Detailed information for authors can be found here.

The word limit for full papers and review papers is 12,000 words (including references), while commentaries and short communications should have a maximum of 4,000 words.

All submissions will be externally reviewed.

Editors and Guest Editors

The guest editors Zdenka Sokolickova (University of Hradec Králové / University of Oslo / Svalbard Social Science Initiative) and Alexandra Meyer (University of Vienna / UNIS / Svalbard Social Science Initiative) will handle the manuscripts and be the primary contacts for the authors.

Final acceptance of papers for publication will be vetted by the journal’s co-editors-in-chief, Trevor McIntyre (University of South Africa) and Nikolas Sellheim (Helsinki Institute of Sustainability Science (HELSUS), University of Helsinki).


If you have questions regarding the call, please contact the guest editors Alexandra Meyer and cc/Zdenka Sokolickova.

GoNorth – exploring the Arctic Ocean

13 Norwegian research and education organizations, collectively known as GoNorth, have promoted a comprehensive, cross-disciplinary program to investigate the Arctic Ocean.

The Norwegian Government has defined the Arctic as its most important strategic foreign policy area. The government’s Ocean Strategy, Blue Opportunities, addressing knowledge building and sustainable development, adds a new dimension to the policy.

The mission of GoNorth is to organize and launch a series of scientific expeditions – on its own and through international collaboration. The GoNorth consortium proposes a wide-ranging and cross-disciplinary program to acquire new and essential knowledge about the oceanic areas, from the sea floor and subsea geology, through the water column, to the surface sea ice. Education will be an important part of the program.

GoNorth adopts a stepwise approach, starting in the coastal areas north of Svalbard, before gradually moving northward. These are the areas covered by the extended Norwegian continental shelf, which got the support of the United Nations’ Continental Shelf Commission in 2009.

Collaborative cruises with international partners are vital, for scientific, logistical and financial reasons. Ice breakers will be necessary in the northernmost areas. We are already in dialogue with several international partners who share our ambitions and goals in the Arctic Ocean.

GoNorth has the support of the Norwegian Scientific Academy for Polar Research.

Opening up a new era in Norwegian polar research, the coast guard icebreaker KV Svalbard reached the North Pole on 21st of August 2019, 125 years after Fridtjof Nansen tried to drift across the North Pole with his sailing vessel Fram. The picture shows commanding officer Geir-Martin Leinebø and expedition leader Hanne Sagen from the Nansen Environmental and Remote Sensing Center. (Photo: Håvard Sagen)

The GoNorth consortium includes the following universities and research institutes:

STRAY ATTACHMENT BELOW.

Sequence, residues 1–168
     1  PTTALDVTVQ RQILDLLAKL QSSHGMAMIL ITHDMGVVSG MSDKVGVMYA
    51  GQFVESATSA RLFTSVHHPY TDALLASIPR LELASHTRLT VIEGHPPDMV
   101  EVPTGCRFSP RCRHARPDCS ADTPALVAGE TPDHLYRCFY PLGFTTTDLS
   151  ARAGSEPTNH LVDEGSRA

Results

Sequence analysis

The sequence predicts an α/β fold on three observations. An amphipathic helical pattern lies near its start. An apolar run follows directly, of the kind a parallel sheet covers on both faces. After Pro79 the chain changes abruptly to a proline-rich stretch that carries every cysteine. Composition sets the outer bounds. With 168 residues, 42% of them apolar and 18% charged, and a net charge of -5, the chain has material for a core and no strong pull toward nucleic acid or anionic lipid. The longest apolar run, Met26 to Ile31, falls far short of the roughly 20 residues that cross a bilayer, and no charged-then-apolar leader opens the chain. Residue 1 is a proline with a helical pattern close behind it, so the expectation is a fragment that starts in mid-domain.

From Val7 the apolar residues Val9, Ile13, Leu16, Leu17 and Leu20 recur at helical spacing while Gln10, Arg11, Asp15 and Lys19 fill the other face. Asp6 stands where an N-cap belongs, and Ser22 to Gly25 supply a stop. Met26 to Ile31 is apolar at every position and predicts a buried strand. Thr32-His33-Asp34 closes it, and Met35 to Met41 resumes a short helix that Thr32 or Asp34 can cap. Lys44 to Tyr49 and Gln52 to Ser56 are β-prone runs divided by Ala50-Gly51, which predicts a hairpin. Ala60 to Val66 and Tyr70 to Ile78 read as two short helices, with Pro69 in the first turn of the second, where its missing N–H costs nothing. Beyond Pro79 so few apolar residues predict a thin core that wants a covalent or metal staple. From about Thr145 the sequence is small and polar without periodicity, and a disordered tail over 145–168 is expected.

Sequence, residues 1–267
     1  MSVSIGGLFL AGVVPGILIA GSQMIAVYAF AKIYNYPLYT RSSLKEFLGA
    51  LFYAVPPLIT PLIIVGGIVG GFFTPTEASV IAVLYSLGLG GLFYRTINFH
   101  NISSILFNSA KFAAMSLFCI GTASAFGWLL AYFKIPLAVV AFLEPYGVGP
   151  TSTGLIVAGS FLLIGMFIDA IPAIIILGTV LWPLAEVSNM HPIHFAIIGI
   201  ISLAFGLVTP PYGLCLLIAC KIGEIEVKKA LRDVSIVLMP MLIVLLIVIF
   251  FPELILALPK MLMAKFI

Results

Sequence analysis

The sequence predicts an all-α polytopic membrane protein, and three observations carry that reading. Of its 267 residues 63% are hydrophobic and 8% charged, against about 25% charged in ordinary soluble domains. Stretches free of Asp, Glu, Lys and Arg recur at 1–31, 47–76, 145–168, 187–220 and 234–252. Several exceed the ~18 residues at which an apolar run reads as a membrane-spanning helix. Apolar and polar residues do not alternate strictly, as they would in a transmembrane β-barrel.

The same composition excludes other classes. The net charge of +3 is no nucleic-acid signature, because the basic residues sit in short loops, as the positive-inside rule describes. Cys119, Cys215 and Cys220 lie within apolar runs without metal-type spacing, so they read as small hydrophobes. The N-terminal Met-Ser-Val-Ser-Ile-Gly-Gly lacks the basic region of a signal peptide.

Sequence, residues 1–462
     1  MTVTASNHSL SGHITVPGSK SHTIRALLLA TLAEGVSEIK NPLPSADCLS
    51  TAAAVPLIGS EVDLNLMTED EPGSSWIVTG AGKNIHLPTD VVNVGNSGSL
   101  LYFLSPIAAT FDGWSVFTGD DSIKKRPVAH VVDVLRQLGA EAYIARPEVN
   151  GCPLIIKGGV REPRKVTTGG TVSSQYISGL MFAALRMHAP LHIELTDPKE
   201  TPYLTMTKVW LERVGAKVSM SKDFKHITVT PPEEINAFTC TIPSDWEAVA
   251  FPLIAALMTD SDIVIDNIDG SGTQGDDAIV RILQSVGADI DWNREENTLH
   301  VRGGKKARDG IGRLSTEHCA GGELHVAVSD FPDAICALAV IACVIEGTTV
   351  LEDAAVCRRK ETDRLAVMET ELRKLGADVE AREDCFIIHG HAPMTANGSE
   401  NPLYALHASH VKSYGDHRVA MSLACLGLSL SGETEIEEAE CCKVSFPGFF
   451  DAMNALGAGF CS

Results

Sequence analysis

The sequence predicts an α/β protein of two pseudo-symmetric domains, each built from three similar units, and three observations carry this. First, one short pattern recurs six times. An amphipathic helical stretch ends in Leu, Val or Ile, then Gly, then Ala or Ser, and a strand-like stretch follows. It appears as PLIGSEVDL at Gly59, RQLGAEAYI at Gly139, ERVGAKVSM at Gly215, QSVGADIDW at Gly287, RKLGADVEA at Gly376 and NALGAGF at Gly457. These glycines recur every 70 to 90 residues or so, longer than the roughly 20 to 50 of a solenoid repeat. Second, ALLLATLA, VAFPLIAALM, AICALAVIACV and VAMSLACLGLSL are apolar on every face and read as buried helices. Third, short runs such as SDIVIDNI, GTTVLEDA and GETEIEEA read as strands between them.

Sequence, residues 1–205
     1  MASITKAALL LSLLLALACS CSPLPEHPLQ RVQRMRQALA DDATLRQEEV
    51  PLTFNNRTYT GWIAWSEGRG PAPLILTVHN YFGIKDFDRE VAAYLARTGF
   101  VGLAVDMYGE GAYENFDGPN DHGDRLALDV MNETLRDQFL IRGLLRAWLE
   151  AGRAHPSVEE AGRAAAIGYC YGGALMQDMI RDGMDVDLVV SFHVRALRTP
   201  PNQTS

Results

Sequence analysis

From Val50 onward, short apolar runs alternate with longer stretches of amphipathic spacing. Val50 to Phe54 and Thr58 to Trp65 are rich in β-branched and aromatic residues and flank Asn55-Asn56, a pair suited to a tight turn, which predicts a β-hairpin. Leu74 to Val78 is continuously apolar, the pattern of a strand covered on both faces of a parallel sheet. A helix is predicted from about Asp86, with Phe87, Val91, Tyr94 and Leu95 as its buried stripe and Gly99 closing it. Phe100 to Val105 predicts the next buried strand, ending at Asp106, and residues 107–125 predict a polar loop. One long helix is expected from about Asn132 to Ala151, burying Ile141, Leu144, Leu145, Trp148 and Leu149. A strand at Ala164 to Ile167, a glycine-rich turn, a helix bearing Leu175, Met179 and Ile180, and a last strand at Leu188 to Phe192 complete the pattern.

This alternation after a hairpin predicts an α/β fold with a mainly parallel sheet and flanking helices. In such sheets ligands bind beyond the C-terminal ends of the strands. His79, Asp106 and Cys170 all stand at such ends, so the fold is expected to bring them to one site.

UiT: The Arctic University of Norway (UiT)
University of Bergen (UiB)
University of Oslo (UiO)
University Centre in Svalbard (UNIS)
Norwegian University of Science and Technology (NTNU)
Geological Survey of Norway (NGU)
Nansen Environmental and Remote Sensing Center (NERSC)
Norwegian Institute of International Affairs (NUPI)
Norwegian Polar Institute (NPI)

Annual Report 2019

The board has approved the annual report from 2019, presented and discussed during the last board meeting on February 27th, 2020. You can read and download the report on the link below.

10 new members were elected during the Annual Meeting 2019

It is a pleasure to inform that ten (10) new members were elected  during the 2019’s Academy’s Annual Meeting in Bodø Norway ; November 26th 2019.

The Academy has now 160 individual members from 19 countries in addition to the six institutional members who contribute with relevant knowledge and expertise.

The new members are:

1Birgitta Evengård
2Brit Lisa Skjelkvåle
3Henry Huntington
4Jennifer Francis
5Lars Kullerud
6Lars-Otto Reiersen
7Susan Crate
8Tatiana Vaslova
9Torbjørn Pedersen
10Kristine Bakke Westergaard

Change will be the constant– future environmental policy and governance challenges in Svalbard

Bjørn P. Kaltenborn, Willy Østreng & Grete K. Hovelsrud

Sea Ice in the Arctic – Past, Present and Future

This book provides in-depth information about the sea ice in the Arctic at scales from paleoenvironmental variability to more contemporary changes during the past and present centuries. The book is based on several decades of research related to sea ice in the Arctic and its variability, sea ice process studies as well as implications of the sea ice variability on human activities.

The chapters provide an extensive overview of the research results related to sea ice in the Arctic at paleo-scales to more resent scales of variations as well as projections for changes during the 21st century.

The authors have pioneered the satellite remote sensing monitoring of sea ice and used other monitoring data in order to study, monitor and model sea ice and its processes.

Editors (view affiliations)

Part of the Springer Polar Sciences book series (SPPS)

The Norwegian Climate Foundation — report no. 02/2019


Climate change, international trade, and the oil & gas industry
SOPHIA MATTHEWS, Brown University
Nansen Scientific Society

Nansen Scientific Society